A five on a SCALA of… | Rose and Thorn
A rose goes to Insider Louisville for writing first about the Steering Committee for Action on Louisville’s Agenda, or SCALA, a group of about 70 rich and influential people — basically an alternative chamber of commerce. A thorn goes to IL for spending some 4,000 words and 50 mentions of David Jones Jr. and Sr. before we find out at the end of the story that Jones Jr. (33 mentions) is a “major donor” to IL. About 1,100 words in we learn Jones Jr. is “chair of Insider’s nonprofit board.” Puts the scoop in a new perspective, no? Also a thorn for the timid, slow, bloated presentation that missed the lede (SCALA leadership says: Keep an open mind about a state takeover of our schools, if not welcome it), and that used the cliché “under the radar” to assert that 70 people could possibly meet in secret. Whose radar? The story is written as if IL has discovered a new species, rather than explaining quickly and clearly what is at stake and what the group has said and done. Don’t get us wrong: We are glad Insider reported on the group. We distrust these oligarchs and lever-pullers as much as we do those on any chamber of commerce. But write it tight, please.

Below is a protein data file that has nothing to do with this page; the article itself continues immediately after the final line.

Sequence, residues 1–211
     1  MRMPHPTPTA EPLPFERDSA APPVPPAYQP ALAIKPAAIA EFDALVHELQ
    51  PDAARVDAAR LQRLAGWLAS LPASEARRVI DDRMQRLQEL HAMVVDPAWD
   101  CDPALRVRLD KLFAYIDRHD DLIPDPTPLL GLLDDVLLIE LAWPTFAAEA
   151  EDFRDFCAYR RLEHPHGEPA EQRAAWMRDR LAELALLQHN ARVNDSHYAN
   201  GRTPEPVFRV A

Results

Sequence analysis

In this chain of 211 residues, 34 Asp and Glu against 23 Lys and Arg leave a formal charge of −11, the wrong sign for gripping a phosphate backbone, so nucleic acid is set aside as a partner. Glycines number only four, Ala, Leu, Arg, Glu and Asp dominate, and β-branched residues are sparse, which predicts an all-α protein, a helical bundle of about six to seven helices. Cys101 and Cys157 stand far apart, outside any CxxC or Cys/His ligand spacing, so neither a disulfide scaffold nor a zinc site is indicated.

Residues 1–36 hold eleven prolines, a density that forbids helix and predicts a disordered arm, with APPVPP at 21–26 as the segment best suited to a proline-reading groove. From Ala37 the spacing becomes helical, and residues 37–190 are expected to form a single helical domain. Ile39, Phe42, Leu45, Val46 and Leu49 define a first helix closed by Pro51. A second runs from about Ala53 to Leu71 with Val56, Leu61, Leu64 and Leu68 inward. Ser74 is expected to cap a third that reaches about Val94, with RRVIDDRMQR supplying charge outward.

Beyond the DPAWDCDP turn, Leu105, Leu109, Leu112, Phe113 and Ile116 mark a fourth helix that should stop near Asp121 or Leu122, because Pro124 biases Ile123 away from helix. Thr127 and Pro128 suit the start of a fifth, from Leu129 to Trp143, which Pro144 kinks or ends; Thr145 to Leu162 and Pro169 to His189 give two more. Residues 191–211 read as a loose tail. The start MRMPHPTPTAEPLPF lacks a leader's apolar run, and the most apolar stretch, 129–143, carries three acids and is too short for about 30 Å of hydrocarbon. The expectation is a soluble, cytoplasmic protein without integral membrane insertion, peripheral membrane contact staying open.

CJ ed defaces op/ed legacy | Thorn
Speaking of writing that matters, CJ Executive Editor Joel Christopher has done much good for the paper, but his announcement of editorial page changes blithely dismissed, and missed, the point of why newspapers write editorials: community leadership. He asserted, “We were talking at you, not with you. We were telling you what to do, not asking you what together we should do. We were offering solutions that didn’t start with the people living the problem.” Tell that to the Pulitzer judges who awarded the CJ twice for its editorials. Including more community-drawn commentary is good, but that does not replace newspaper editorials. CJ has the capacity and responsibility to analyze important issues and publish its conclusions. As it had for a century before…
And if he were a russian czar? | Thorn
The former Southern Baptist Theological Seminary exec whom Gov. Matt Bevin appointed adoption “czar” got a $60,000 payout after being canned, CJ said. State Rep. Jim Wayne noted that a social worker makes half that. Bevin told The Associated Press the czar was let go because “we got from him what we needed … “